The dying process

The dying process is unique to each person. However, in many cases there are common characteristics or changes that help us to know that a person is dying.

Here to support you

If you are a family member or carer, this is likely to be a difficult and painful time for you,  as you lose someone you love or have cared for. It can be hard to know what to say, how to help or what to do. Your Nurse Specialist, doctor and other healthcare professionals are there to help you work through your worries and concerns and to offer you care and support.

The following downloadable resources have been designed to support you with the dying process and future care planning.

Further information

The following advice offers further support for the dying process and falls into four main categories. Navigate through the sections below and allow yourself time to process the information.

Reduce need for food and drink

When someone starts to die, their body no longer has the same need for food and drink. This is because metabolism slows down and the body can’t digest food very well or take goodness from it. People may stop drinking and although their mouth may look dry, it’s not necessarily a sign they are dehydrated. Applying lip salve and artificial spray will give comfort.

Withdrawing from the world

For most, the process of withdrawing from the world is a gradual one. People spend more and more time asleep and when they are awake they are often drowsy and show less interest in what is going on around them.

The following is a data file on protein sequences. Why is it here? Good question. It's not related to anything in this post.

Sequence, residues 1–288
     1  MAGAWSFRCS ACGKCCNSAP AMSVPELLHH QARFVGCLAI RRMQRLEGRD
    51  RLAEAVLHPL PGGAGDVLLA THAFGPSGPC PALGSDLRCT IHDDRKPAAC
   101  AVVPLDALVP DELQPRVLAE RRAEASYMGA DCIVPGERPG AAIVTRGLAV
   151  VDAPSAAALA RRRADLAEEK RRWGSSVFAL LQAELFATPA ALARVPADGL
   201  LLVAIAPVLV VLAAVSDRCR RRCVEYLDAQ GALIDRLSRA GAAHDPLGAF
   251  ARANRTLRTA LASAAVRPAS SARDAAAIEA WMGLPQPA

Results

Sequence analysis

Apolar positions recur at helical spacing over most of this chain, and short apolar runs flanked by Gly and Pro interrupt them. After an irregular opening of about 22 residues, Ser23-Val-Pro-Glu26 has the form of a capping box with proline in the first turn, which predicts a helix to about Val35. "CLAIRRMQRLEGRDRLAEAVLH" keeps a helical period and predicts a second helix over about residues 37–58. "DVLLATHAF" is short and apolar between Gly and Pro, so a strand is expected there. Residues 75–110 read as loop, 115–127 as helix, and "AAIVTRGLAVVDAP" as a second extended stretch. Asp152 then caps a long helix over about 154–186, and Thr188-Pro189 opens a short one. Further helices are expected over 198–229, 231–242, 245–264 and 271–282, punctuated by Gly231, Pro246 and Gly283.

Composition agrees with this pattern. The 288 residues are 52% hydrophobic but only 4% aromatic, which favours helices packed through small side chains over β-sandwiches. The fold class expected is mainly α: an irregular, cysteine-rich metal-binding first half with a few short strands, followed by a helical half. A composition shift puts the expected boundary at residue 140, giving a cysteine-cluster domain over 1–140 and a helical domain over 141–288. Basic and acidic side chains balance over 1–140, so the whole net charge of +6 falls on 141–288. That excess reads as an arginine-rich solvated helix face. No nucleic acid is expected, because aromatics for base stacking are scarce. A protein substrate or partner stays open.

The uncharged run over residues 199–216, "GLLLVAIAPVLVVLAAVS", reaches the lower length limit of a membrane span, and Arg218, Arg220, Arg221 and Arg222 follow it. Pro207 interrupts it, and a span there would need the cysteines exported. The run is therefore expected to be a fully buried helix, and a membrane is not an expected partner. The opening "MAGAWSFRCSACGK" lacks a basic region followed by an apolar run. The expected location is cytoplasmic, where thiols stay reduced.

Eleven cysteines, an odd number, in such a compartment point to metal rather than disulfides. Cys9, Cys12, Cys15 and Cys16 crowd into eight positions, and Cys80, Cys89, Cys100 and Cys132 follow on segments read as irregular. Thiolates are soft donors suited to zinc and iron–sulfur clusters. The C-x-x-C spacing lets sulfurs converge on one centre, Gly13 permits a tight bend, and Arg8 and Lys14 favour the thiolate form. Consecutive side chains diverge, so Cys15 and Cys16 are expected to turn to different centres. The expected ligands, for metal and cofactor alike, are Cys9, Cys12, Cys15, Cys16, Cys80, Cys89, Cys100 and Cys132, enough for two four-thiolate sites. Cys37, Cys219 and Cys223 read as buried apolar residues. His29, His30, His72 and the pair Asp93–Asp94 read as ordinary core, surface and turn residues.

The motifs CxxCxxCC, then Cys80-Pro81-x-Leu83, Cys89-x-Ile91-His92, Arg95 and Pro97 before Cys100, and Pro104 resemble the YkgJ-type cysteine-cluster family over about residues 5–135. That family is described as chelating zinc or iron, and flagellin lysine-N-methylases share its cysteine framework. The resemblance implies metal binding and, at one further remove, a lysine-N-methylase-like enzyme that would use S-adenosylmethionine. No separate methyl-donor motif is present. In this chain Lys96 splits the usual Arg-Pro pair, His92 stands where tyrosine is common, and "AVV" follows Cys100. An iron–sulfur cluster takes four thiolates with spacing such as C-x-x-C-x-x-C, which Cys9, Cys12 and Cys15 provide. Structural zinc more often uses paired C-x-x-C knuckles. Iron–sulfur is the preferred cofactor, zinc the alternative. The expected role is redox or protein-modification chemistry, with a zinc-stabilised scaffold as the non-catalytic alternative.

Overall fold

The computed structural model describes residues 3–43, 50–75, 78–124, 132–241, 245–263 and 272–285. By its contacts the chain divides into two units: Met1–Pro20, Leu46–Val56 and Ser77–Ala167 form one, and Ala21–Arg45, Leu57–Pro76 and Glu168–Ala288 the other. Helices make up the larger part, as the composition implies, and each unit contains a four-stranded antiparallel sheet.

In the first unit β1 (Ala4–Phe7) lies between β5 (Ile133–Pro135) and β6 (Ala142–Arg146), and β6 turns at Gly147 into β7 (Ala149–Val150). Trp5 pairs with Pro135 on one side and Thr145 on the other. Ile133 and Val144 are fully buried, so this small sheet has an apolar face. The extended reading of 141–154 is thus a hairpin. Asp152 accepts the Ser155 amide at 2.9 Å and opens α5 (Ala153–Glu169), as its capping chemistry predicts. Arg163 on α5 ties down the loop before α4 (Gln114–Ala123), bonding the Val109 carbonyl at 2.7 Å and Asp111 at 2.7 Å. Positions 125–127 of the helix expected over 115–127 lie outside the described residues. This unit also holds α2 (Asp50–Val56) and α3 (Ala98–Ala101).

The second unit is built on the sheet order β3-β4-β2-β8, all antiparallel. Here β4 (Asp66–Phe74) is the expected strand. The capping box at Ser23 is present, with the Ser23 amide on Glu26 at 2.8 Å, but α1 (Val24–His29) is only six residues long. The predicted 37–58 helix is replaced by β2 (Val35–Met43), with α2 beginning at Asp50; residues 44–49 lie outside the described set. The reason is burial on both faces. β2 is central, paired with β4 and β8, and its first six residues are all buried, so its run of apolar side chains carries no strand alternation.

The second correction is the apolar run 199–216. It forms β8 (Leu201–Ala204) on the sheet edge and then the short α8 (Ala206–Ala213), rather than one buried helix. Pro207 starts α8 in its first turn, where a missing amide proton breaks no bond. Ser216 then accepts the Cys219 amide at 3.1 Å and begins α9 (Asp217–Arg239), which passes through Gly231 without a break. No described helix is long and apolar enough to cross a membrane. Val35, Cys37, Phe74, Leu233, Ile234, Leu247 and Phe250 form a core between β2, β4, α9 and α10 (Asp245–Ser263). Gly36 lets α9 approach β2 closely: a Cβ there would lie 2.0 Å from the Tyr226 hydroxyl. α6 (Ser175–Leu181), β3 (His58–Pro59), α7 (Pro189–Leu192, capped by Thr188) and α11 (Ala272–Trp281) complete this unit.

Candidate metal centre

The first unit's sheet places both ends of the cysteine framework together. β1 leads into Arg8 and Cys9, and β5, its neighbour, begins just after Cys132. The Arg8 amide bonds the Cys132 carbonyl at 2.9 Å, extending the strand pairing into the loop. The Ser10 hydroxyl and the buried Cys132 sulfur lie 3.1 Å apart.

This natural process can be accompanied by feelings of calmness and tranquillity. It can be hard to accept these changes, even when you know that the person is dying, as it’s a physical sign that they are not going to get better. Nevertheless, you can still show that you care about your loved one by spending time with them, talking to them and giving comfort through your presence.

Changes in breathing

Towards the end of life, as the body becomes less active, the demand for oxygen lessens. People who suffer from breathlessness are often concerned that they may die fighting for breath but, in many cases, breathing eases as they start to die.

Very occasionally breathing problems can be made worse by feelings of anxiety. However, the knowledge that someone is close at hand can be reassuring and help to prevent this form of breathlessness. Often sitting quietly and holding your loved one’s hand can make a real difference.

Occasionally in the last hours of life there can be a noisy rattle to the breathing. This is due to a build-up of mucus in the chest because the person no longer has the energy to cough. Medication may be used to reduce this and changes of position may also help.

Noisy breathing can be upsetting to carers but, in our experience, it doesn’t appear to distress the dying person.

Changes which occur before death

When death is very close (within minutes or hours) the breathing pattern may change again. Sometimes there are long pauses between breaths or the abdominal muscles (stomach) will take over the work – the abdomen rises and falls instead of the chest. If breathing appears laboured, please remember that this is likely to be more distressing to you than it is to the person dying.

Some people may become more agitated as death approaches. To help prevent this Dorothy House staff will talk to you about it and, having ensured that pain and other symptoms are controlled, will ensure that appropriate sedation is available for use, should it be required.

The skin can become pale and moist, and sometimes slightly cool prior to death. Most people do not rouse from sleep, but die peacefully, comfortably and quietly, and are reassured by the presence of family and friends.